Coach and TMC contributor Michael Liberzon reviews Garmin’s latest multisport watch, the 735XT.
I’ve had my hands on the new Garmin 735xt for just about a week, giving me ample opportunity to poke, prod, and sweat on it a whole lot. Garmin has packed a truly impressive package of features and metrics into 735XT – too many to comprehensively cover here – so this review covers the highlights. Overall, as an athlete and coach I like with the watch, but – and this is a biggie – it has two or three important drawbacks that may be deal breakers for triathletes in search of a new multisport watch.
What does do it do?
The 735 wears a few hats. Aside from being a capable multisport recording tool for training and racing, it is a fully functional activity and sleep tracker. It’s also perfectly reasonable for all-day, everyday wear and comes with a handful of useful smart watch features, such as these:
Training and racing
All your favourite metrics from the Forerunner (600 & 900 series) watches and Edge (500 series) bike computers are here. The 735 measures and records anything you or your coach can hope to track in each of the three triathlon sports. It’ll also work with a host of other multisport activities, including SUP, rowing, and XC skiing.
The 735 is the first multisport watch from Garmin that behaves like a fully-functional fitness tracker. It’ll count steps, keep track of resting heart rate, and monitor your sleep. The 920 does some of these things too, but it is considerable more bulky than the 735. That may not be a factor in daily wear, but it was certainly no fun to sleep with!
Everyday watch features
Because of its small size, the 735 is a great all-day wear watch. Garmin’s Connect IQ store allows you to customize the watch face to suit your style or your mood. The phone integration is better than before. You can still read text messages and other notifications and see who’s calling. Now you can also send those calls direct to voicemail. Moreover, the 735 introduces basic PLAY / PAUSE / PREV / NEXT music controls – very handy when your phone is tucked away. Finally, Garmin added a useful “find your phone” feature perfect for absent-minded athletes like yours truly.
The 735 vs the 920
The 735 is not a successor to the 920, like that device was to the 910. It’s a whole new Forerunnner series. Here are the differences.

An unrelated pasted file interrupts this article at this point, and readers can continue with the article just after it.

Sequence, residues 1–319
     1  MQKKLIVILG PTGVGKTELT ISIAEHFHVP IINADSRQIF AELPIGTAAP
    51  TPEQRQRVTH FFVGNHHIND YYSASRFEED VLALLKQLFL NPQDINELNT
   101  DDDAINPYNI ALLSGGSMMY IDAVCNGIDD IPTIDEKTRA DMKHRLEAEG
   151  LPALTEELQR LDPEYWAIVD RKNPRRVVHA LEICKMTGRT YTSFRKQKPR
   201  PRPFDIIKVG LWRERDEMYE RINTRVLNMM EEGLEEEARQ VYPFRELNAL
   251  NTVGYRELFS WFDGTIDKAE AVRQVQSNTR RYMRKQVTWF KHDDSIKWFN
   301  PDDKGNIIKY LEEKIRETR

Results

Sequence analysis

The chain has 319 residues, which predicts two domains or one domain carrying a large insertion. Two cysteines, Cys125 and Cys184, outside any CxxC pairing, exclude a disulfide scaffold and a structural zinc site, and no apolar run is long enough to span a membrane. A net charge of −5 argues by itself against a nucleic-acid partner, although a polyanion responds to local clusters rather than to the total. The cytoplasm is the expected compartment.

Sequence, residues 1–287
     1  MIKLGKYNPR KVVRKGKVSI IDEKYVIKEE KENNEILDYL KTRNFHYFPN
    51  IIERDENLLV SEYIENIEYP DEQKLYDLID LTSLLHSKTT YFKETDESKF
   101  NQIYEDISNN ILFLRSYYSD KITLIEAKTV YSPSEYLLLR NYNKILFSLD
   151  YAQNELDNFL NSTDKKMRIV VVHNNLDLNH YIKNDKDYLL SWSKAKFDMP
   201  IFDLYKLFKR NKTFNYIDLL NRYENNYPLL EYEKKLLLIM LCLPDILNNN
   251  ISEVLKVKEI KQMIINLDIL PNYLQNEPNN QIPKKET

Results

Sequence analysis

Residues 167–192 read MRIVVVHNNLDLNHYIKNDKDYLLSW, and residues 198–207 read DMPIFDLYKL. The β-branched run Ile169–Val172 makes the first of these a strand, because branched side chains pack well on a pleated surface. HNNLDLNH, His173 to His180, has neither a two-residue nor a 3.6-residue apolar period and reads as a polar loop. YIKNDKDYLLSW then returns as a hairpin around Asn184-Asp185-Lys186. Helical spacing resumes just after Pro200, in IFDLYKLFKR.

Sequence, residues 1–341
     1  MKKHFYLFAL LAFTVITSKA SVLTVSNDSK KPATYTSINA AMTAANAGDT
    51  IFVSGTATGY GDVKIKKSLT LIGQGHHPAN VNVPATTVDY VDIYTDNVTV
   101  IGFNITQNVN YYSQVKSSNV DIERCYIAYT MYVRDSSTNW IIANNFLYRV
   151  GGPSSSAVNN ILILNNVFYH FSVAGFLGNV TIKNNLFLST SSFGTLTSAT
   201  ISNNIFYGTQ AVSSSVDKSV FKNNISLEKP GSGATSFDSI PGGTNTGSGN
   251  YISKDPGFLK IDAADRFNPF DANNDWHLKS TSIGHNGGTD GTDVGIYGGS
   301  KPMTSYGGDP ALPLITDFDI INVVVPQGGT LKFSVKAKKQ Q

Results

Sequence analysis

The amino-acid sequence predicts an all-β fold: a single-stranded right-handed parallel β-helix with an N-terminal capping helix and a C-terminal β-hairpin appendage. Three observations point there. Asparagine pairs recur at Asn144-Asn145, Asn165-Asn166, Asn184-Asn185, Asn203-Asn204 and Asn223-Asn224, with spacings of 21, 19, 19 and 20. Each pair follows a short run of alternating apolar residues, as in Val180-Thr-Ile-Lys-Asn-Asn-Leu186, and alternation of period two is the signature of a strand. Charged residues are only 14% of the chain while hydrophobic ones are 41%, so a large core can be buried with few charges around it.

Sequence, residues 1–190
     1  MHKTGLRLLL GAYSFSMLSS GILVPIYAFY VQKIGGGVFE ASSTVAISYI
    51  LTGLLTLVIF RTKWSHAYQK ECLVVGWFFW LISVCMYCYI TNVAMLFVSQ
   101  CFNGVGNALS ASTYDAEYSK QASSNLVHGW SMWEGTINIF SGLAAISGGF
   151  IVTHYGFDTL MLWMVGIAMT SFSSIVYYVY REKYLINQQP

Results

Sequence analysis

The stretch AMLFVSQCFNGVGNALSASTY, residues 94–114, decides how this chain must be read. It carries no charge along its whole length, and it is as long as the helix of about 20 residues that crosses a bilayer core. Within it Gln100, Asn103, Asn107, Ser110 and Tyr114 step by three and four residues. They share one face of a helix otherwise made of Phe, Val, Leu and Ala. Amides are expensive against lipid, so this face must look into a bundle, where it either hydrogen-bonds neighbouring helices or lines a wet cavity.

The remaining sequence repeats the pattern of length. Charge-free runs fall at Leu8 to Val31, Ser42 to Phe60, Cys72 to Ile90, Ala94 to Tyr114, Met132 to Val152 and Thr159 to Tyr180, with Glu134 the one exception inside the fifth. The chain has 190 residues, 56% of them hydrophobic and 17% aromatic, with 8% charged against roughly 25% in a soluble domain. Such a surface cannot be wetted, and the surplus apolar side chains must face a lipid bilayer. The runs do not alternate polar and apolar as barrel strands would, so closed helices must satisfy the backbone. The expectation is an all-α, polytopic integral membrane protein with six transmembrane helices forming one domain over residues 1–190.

The 735 introduces a handful of features not available on the 920. Some are more useful than others:
- Less bulky, better for everyday wear
- An integrated LED HR monitor. This is a huge win for anyone who hates chest straps. It can be set to broadcast HR data too that you can capture on a bike computer or software like PerfPro, Trainer Road, or Zwift.
- Garmin Varia Vision (heads up display), Radar, and Lights support
- Di2 integration
- Structured swim workouts
- Running threshold calculation
- Cycling threshold (FTP) calculation
- Music controls and “find your phone” feature
There’s no question the 735 stands alone as a worthy investment for triathletes in the market for a new multisport watch. However, there are three noteworthy drawbacks to the 735, when comparing it to the 920.
- It lacks a quick release kit. That means that in order to use it on the bike – without having to contort your arm to see your wrist – you need to remove the watch and wrap it around a special Garmin mount. This is time consuming – since you must do it twice in a race – and also nullifies the advantage of the built-in HR sensor. There are two ways around this.
- You also have a dedicated bike computer (like one of the Garmin Edge units)
- You also have the Varia Vision heads up display
- It lacks a barometric altimeter. That means it uses GPS elevation, and that’s notoriously unreliable. This isn’t a factor for me, as I correct workout elevation in post (Training Peaks, Connect, etc), but it will matter to anyone who wants to see live elevation or grade data. An altimeter is also needed for counting steps in the activity tracking mode. So if counting stairs is your jam, this watch may not be it.
- Its optical HR is good, but not perfect. That is, it may not be as accurate as a chest strap. In my 15 workouts since picking up the 735, I have had 14 good readings, and one that wasn’t accurate. I even compared it with Garmin’s HRM Run HR strap once, and the results were remarkably consistent (on one of the ‘good’ workouts). Now, HR measurement accuracy is very individualistic. Some folks will see terrific quality data from the optical sensor, while others may have less luck. If however, you are one of the unlucky who would rather strap a cheese grater to your torso than an HRM strap, this occasional lack of accuracy is a small price to pay for the data.
Michael is an NCCP trained triathlon coach, certified personal trainer, and kettlebell instructor. His degree in mechanical engineering supports his evidence-based approach to coaching.
Michael is also the owner and head coach of the X3 Training Lab in Toronto, an authorized Garmin retailer.